FIRST THOUGHT: Honor the Earth
There’s a heck of a lot we didn’t learn in history books. While my teachers thought memorizing the date of some white man’s birth was important, I was missing out on all the deeds done by striking women that make up our world today. One of those women was Elizabeth Peratrovich, who helped gain passage to the first anti-discrimination law in the United States. Another was Mary Golda Ross, who was the first Native American female engineer in a group of 40 engineers that made strides toward space travel. Now if that was the stuff on my history tests, maybe I would’ve seen more As.
WOMEN IN NUMBERS: 573
I’ll be the first to admit I don’t know as much as I should about native communities. Our textbooks are riddled with brief stereotypes and anecdotes, lacking the substance we need to fully understand the breadth of America’s past—especially Native American culture. Data shows that as of late 2016, there are 573 federally recognized tribes, all of which are eligible for services and funding opportunities through the Bureau of Indian Affairs.
WOMAN TO WATCH: Tara Houska, National Campaign Director for Honor the Earth
If Melinda Gates notices you, you’re doing something right. Today’s Woman to Watch, Tara Houska, piqued Melinda’s interest so much that she awarded Tara with the Good Housekeeping 2017 Awesome Woman award.
The word “awesome” encompasses much of Tara’s work. She’s an attorney for tribal rights and the water protector of the Couchiching First Nation in Ontario. Oh yeah, and presidential candidate Bernie Sanders asked Tara to join his campaign as a Native American advisor, an opportunity Tara called “historic.”
Today, we’re focusing on her tireless advocacy as campaign director for the nonprofit Honor the Earth. The mission of Honor the Earth is as the name suggests: to support and bring awareness to native environmental issues. Honor the Earth doesn’t accomplish its goals just by sending out a few tweets or wearing a ribbon, but is action-driven. Tara’s job there is to build up financial resources and political strategies to sustain native communities.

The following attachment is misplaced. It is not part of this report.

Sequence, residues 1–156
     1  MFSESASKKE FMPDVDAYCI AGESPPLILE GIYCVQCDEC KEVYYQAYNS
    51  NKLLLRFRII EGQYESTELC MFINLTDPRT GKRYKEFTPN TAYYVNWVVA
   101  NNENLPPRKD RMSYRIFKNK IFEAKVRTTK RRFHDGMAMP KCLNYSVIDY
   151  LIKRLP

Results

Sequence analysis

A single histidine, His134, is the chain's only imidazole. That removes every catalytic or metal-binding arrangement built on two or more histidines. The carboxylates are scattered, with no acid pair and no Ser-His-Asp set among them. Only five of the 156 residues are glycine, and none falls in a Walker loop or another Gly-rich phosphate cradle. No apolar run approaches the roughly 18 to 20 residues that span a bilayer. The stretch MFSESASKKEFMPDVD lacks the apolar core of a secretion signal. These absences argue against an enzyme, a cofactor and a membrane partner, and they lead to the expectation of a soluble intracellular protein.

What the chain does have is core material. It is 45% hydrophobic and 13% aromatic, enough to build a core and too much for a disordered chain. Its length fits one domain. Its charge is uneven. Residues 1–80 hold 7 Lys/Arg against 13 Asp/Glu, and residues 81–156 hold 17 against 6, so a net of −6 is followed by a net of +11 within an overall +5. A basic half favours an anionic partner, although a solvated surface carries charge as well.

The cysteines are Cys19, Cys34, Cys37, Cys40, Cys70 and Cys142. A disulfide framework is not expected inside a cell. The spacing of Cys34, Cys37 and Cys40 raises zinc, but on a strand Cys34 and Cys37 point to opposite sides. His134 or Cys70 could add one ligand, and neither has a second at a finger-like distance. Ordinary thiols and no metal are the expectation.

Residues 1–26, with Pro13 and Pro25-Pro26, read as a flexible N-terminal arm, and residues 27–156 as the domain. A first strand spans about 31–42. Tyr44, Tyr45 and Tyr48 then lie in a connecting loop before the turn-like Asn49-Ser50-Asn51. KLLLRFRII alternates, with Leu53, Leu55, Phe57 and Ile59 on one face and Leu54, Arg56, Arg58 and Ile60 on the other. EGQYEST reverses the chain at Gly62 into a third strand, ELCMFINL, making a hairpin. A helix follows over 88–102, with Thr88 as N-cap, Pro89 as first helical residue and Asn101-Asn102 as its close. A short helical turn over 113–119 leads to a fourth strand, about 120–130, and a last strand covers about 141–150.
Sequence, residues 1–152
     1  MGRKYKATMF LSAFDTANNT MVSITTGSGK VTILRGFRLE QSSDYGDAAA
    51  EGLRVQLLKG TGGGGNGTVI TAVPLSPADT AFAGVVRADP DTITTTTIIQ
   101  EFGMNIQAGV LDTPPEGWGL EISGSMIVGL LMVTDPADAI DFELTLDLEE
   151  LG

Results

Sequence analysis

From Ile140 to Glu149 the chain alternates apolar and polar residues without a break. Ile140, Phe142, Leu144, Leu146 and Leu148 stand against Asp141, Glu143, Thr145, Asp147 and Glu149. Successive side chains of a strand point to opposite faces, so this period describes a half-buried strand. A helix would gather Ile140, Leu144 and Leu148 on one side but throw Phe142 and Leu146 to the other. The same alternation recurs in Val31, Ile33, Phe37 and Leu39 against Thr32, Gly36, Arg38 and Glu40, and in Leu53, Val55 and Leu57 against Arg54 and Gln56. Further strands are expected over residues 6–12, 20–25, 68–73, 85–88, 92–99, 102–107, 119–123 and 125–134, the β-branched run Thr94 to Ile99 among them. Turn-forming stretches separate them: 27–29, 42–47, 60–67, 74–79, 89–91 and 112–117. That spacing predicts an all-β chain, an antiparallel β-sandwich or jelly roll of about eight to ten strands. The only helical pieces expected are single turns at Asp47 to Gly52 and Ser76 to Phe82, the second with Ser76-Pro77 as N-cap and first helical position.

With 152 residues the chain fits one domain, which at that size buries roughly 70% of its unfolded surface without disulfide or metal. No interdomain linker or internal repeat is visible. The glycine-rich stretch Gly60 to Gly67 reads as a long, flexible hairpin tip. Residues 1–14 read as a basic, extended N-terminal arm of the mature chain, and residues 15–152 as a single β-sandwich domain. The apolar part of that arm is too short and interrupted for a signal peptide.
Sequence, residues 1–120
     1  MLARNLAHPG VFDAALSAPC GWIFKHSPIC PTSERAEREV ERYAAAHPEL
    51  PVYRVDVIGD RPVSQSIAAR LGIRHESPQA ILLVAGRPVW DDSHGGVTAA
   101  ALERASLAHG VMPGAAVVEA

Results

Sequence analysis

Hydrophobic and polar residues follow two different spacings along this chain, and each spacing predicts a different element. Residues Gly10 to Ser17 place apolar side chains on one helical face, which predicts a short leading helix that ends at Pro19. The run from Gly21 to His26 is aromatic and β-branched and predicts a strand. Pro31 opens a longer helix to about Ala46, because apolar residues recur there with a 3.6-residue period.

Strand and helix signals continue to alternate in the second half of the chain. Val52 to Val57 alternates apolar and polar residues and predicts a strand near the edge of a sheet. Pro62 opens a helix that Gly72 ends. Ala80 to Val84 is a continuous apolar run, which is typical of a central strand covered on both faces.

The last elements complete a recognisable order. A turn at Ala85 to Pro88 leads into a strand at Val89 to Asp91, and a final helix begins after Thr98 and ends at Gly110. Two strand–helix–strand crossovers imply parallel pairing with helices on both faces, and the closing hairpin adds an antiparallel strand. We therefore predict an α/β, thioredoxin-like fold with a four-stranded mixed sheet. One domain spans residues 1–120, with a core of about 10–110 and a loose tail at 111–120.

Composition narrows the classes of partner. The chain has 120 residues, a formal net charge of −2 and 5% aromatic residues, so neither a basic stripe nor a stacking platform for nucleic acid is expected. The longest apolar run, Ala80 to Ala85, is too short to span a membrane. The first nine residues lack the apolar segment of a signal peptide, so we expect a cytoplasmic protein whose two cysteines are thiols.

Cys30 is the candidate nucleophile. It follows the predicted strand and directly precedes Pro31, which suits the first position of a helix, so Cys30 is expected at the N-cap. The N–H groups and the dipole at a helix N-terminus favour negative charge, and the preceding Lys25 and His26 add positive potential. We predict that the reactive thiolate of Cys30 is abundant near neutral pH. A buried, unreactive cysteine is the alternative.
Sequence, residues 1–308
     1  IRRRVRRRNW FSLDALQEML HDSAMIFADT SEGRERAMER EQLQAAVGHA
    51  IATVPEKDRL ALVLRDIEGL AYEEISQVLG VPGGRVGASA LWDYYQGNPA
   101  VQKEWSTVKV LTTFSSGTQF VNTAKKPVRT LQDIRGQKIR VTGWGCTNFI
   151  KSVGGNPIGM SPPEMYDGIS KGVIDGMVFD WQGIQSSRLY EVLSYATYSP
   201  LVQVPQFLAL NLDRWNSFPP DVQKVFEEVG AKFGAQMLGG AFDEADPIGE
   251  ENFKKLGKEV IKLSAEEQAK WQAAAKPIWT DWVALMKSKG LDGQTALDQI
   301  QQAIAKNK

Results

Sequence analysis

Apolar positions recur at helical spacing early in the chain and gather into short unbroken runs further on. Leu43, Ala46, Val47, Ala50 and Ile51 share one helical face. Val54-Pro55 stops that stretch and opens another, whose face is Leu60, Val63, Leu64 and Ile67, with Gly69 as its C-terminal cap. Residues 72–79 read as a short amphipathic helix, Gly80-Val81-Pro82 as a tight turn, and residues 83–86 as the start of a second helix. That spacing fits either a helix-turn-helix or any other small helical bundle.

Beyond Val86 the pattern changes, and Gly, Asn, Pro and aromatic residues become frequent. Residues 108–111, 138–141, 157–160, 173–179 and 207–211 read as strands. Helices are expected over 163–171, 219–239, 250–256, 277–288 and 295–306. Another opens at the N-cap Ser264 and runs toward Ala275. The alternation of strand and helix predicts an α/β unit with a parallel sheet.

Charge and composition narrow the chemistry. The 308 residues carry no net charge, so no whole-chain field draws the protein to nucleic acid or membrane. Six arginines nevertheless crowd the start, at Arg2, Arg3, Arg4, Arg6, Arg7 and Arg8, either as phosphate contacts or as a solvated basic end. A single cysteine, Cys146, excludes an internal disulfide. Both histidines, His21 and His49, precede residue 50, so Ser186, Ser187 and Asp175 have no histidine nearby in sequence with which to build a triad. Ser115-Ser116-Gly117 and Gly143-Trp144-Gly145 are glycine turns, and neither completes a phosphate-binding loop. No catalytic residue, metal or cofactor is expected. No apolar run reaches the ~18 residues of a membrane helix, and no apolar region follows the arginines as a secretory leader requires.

It’s significant to note that since it was founded in 1993, Honor the Earth has remained, in fact, native-led. It’s regranted in excess of $2 million to more than 200 Native American communities. While the organization has done much during the last couple decades, it’s clear there’s a great deal to be done in the future.
Honor the Earth’s campaigns include fighting against four pipeline projects, two fracking developments and two coal projects that are threatening Crow, Cheyenne and Navajo terrain. The nonprofit’s most recognizable pipeline project is the Keystone XL pipeline. A lesser-known but equally important issue Tara tackles is sexual violence against women in these extraction zones, which the UN documents.
Tara’s experienced adversity on her journey to protect native land, but that hasn’t stopped her. After leaving Washington, D.C. in 2016, she went to fight North Dakota’s Dakota Access Pipeline. She ended up being arrested in the Standing Rock encampment, where she was staying, and was even thrown into a dog kennel.
It’s clear Tara doesn’t just provide passion or heart behind her work at Honor the Earth. She also takes action by knowing legal terms and being devoted to obtaining grant opportunities. By knowing the rights of the Native American people, she can advocate unwaveringly for their land and their families. Her perseverance in difficult situations is a shining example of what can be done when you commit your life to a cause you truly believe in.
Let’s face it: We only have one Earth, and we need to make sure our home remains beautiful not only for ourselves, but for several generations to come. Check out four ways to make your small business green by clicking here, or if you’re listening via podcast, head over to the newly renovated OnTheDotWoman.com!
QUITE THE QUOTE
The co-founder of Honor the Earth, Winona LaDuke, said:
“Power is in the earth. It is in your relationship to the earth.”